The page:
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Community Affairs Legislation Committee – 26/02/2014  

National Health and Medical Research Council [14:49]

Senator MADIGAN [Senator for Victoria, Democratic Labour Party]: My questions are with regard to the NHMRC draft information paper on the evidence on wind farms and human health. My office has received information that the NHMRC was cautioned about the involvement in this project of an acoustician working for Sinclair Knight Merz, Dr Norm Broner. As you are probably aware, SKM is a major consultant utilised extensively by the wind industry. Secondly, I understand that the NHMRC was cautioned against the involvement in this draft paper of Dr Liz Hanna, president of the Climate and Health Alliance. The Climate and Health Alliance has also been an aggressive pro wind campaigner, publicly supporting a pro-wind digital media campaign by Danish wind conglomerate Vestas. My first question is: how have conflicts of interest been identified and managed by the NHMRC?

Prof. McCallum : We have a defined process and policy for the identification of conflicts and then the discussion of those between the office of the NHMRC—in this case, my office—and the chair of that group. Any conflicts deemed to be major are excluded. You have to balance, of course, the need for expertise in a group where there are very few experts with the fact that there will be interests that people declare. Those conflicts are then managed according to that protocol. People may stand out from meetings on issues in which they have a conflict.

Senator MADIGAN: Why are these conflicts even there when the NHMRC is supposed to be independent?

Prof. Anderson : I am sorry, Senator, but I did not quite catch your question.

Senator MADIGAN: Why are these conflicts even there when the NHMRC is supposed to be independent?

Prof. Anderson : Senator, I am sure you will understand, in the wide range of activities we do, that when we engage experts across everything we do—mostly, of course, around peer review—there is always a call between people who have expertise in the area whose brains we need at the table, if I could put it that way, versus people who have a vested interest, a conflict of interest, that moves beyond. As John said, for all our committees, this is really a moment by moment process we undertake so that chairs are briefed. The moment the conflict of interest arises, our policy is those people are outside the room. The other way we deal with it, of course, is to put all the declarations of conflicts in the public domain. So that does allow people to challenge this, where required. Certainly that was true of the wind farm expert group; they were all in the public domain.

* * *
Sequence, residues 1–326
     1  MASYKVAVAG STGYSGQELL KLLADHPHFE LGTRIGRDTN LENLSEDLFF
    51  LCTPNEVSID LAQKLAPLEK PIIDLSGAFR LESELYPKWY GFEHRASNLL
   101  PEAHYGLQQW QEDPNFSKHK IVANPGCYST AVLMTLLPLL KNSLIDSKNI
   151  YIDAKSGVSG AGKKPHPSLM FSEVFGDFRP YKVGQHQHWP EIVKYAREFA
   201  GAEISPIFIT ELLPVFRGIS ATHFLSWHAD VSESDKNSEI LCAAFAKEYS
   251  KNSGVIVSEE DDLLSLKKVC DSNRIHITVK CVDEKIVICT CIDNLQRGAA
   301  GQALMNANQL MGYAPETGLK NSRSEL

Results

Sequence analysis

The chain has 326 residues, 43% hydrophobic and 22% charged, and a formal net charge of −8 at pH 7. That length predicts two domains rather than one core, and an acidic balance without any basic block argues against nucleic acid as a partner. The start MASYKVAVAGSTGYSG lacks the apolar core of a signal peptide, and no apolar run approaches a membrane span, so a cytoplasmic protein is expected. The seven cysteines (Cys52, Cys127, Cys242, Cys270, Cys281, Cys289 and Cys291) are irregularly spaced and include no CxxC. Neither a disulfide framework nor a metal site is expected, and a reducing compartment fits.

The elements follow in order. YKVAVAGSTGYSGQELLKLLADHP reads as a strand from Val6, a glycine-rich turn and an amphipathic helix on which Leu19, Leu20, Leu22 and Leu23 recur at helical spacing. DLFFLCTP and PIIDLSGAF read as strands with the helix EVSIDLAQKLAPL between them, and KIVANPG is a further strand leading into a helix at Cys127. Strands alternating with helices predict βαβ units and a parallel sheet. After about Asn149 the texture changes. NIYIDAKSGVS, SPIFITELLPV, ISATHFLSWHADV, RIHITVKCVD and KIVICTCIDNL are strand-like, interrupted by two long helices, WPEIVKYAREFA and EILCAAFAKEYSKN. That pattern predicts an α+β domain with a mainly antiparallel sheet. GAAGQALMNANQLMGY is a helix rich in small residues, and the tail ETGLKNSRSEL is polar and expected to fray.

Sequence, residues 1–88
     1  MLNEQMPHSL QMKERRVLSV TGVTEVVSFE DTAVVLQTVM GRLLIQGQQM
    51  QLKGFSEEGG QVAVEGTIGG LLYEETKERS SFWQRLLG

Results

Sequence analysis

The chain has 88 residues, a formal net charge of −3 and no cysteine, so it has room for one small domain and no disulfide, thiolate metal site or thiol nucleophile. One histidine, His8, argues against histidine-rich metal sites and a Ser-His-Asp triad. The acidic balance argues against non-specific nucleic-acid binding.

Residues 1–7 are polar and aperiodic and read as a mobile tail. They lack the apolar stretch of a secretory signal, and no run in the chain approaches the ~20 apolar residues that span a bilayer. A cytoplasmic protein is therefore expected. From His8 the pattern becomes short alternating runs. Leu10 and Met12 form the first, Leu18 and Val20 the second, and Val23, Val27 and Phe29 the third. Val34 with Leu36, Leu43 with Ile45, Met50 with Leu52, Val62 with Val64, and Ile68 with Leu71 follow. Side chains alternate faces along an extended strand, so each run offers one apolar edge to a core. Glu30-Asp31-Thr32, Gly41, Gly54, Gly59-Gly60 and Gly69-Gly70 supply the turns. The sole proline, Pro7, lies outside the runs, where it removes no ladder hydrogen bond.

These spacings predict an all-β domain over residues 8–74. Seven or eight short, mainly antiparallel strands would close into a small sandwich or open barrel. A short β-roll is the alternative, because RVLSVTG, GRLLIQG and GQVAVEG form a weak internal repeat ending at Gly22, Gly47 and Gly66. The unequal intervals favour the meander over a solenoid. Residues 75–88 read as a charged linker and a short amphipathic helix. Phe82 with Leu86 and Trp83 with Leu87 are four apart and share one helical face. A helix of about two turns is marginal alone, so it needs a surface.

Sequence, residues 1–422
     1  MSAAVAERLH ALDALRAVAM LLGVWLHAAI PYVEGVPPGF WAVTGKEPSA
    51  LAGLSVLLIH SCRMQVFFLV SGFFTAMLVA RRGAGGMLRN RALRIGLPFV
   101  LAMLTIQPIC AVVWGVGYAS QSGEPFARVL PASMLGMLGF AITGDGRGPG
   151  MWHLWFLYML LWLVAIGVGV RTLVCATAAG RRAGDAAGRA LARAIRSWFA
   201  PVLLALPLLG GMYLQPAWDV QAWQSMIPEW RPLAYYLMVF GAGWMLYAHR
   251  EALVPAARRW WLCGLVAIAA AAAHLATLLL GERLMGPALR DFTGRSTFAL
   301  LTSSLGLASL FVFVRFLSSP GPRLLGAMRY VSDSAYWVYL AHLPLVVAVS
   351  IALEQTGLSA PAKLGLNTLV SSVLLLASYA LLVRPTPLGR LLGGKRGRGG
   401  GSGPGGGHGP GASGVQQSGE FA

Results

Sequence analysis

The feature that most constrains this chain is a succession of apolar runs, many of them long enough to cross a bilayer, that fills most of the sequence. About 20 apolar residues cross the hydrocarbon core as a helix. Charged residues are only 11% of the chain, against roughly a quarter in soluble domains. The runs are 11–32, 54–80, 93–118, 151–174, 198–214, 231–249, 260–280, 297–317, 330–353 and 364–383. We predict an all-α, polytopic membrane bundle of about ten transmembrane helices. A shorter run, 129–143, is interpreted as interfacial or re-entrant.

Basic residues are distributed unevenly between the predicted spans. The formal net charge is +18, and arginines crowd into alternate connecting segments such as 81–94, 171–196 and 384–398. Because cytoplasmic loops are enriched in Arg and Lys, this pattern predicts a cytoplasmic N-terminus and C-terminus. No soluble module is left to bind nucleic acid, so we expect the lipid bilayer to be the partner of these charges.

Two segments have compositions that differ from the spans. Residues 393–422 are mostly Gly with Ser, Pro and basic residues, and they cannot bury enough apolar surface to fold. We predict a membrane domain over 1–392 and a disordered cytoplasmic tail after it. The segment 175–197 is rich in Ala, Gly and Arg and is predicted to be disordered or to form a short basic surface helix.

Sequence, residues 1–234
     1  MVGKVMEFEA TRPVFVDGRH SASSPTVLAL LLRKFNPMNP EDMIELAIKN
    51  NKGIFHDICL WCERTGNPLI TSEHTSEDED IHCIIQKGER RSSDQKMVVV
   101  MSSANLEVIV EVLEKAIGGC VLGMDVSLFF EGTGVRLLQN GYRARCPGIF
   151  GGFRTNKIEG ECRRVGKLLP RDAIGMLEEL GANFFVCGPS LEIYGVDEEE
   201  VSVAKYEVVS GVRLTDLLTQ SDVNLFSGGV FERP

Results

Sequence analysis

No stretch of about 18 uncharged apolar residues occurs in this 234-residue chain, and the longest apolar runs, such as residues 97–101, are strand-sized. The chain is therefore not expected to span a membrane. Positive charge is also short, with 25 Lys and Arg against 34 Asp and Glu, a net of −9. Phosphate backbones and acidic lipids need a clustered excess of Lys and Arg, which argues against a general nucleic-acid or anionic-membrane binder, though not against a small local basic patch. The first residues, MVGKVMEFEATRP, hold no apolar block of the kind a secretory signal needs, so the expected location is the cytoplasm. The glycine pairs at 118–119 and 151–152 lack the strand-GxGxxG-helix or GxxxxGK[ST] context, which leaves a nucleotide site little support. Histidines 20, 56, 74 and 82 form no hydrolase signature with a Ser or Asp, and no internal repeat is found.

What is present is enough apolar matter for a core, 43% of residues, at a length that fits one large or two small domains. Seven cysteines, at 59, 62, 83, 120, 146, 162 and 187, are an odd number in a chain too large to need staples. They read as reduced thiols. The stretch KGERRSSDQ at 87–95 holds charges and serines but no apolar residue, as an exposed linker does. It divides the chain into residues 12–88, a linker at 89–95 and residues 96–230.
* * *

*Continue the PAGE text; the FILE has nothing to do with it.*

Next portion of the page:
Senator MADIGAN: Why is the only acoustician on that panel someone who has officially undisclosed strong financial ties with the wind industry and perhaps possibly a vested commercial interest in denying the adverse health effects?

Prof. Anderson : That allegation has not been brought to our attention before, as far as I am aware.

Prof. McCallum : The conflicts of the acoustician you mentioned were declared. We have a very, very experienced chair of that committee. He and I determined that the balance of that expertise against the interests that person had were ones that could be managed within the context of that committee.

Senator MADIGAN: Given that the NHMRC has recommended further research into this area, how is it that the NHMRC is going to make sure that there are no wind industry advocates in the ranks of the researchers and that properly conducted and truly independent research will take place?

Prof. Anderson : I will clarify on the further research. The further research will be conducted by researchers out there in universities, medical research institutes and hospitals. So provided that we decide to do this, which we probably will after we have had the feedback from the community, we will identify the areas of research that are needed. They are quite well identified already in the information paper. We will then advertise for people to apply for funding to conduct the research. We will do our usual high quality peer review process. By ‘we’, I mean that we will set up peer review panels to do the analysis on which research should be funded. So that research will not be done by officers of the NHMRC. It will be done in the university sector.

Senator MADIGAN: Mary Morris was the author of the only Australian research that met the criteria for the NHMRC wind farms and human health review, yet in direct contradiction to the research findings, you told the PM program on ABC radio: